Finland was part of the Kingdom of Sweden until 1809. Thus, during Swedish rule, Jews were allowed to live in only three cities, none of which was on the territory of Finland. Following the war between Sweden and Russia, Finland came under Russian control, but the legal system in force remains that put in place by Sweden. The Jews were therefore not allowed to settle there.
The first Finnish Jews settled in two different ways. The first migrants were from Sweden, singers who were allowed to perform there in 1782 to share their art. Finland was then part of the Kingdom of Sweden, and Jews were previously only allowed to settle in Stockholm, Gothenburg and Norrkoping. Jakob Weikam was the first Jew to settle officially in Finland, in the town of Hamina, in 1799. Others gradually settled in Finland as the migration laws changed.
Nevertheless, the majority of Finnish Jews were descendants of Russian soldiers who had settled in the region. Regulations restricting or prohibiting the settlement of Jews in Finland did not apply to Russian soldiers. The long period of military service also encouraged settlement once the return to civilian life was determined.
The law evolved slowly. In 1889, the government in place authorized by decree the presence of Jews in Finland. This decree did not guarantee a long-term presence and confined the Jews to certain regions and professions. Professional activities are also geographically limited, prohibits markets and forced to be near the place of residence.
Although debates on the emancipation of Jews and their access to equal citizenship status have been public since the 1870s, access to these so-called rights did not materialize until 1917. When Finland finally achieved independence. Parliament promulgated a law in 1918 allowing Jews to acquire Finnish citizenship.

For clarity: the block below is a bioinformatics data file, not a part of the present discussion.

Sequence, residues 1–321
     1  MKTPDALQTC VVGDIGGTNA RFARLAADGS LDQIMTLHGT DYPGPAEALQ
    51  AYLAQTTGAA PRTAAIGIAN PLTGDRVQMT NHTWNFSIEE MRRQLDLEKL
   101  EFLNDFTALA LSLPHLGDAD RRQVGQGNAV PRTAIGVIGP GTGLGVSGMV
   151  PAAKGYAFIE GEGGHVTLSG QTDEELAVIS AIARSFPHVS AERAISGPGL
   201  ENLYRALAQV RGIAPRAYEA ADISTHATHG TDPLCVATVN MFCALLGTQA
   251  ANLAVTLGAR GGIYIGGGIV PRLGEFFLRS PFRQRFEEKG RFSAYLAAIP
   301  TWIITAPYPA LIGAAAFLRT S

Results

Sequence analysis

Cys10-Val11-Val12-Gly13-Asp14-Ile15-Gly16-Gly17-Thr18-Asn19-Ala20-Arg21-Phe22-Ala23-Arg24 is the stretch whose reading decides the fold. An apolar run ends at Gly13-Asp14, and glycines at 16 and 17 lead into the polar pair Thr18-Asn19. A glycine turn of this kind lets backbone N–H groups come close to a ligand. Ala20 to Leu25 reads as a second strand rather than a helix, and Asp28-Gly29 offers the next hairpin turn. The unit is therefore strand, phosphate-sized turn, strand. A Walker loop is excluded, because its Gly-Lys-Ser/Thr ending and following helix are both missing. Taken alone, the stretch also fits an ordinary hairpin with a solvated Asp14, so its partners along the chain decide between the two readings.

The country’s Jewish population grew from a thousand at the end of the 19th century to two thousand in the interwar period. Mainly as a result of the emigration of Russian Jews at the start of the Bolshevik Revolution, but also Polish and Lithuanian Jews. Most Jews then worked in the textile industry, following a tradition of attachment to one of the few permitted professions in the 19th century.
The fate of Finnish Jews during World War II was somewhat paradoxical. Many Jews enlisted in their country’s Army against the Russians, sometimes finding themselves in close proximity to the German Army which was allied with Finland. With a famous anecdote from the Russian Front, worthy of the great moments of Jewish humor close to the spirit of a Romain Gary in his novel Genghis Cohn, where the Jewish soldiers had set up a prayer tent a few steps from the Reich army.
Despite being an ally with Germany during the war, the Finnish government refused to exert pressure against the Jews, strongly opposing these demands of the Germans. As a result, 22 Finnish Jews died during World War II, all in combat in their country’s uniform.
On the other hand, an investigation conducted in 2018-2019 clarified the involvement of Finnish volunteers in the Waffen SS, and their part in the perpetration of violence against Ukrainian civilians, many of them Jews. On their return, these volunteers kept discreet, trying to forget their involvement, which complicated the research.
Following an arrangement between the Russian and Israeli authorities in the 1980s, 20,000 Jews were able to make alya through Finland, most of them being welcomed and helped by volunteers from the Zionist Christian movement in Finland.
In 2020, Finland’s Jewish community represents around 1,500 people. Most live in Helsinki. However, 200 live in Turku and around 50 in Tampere.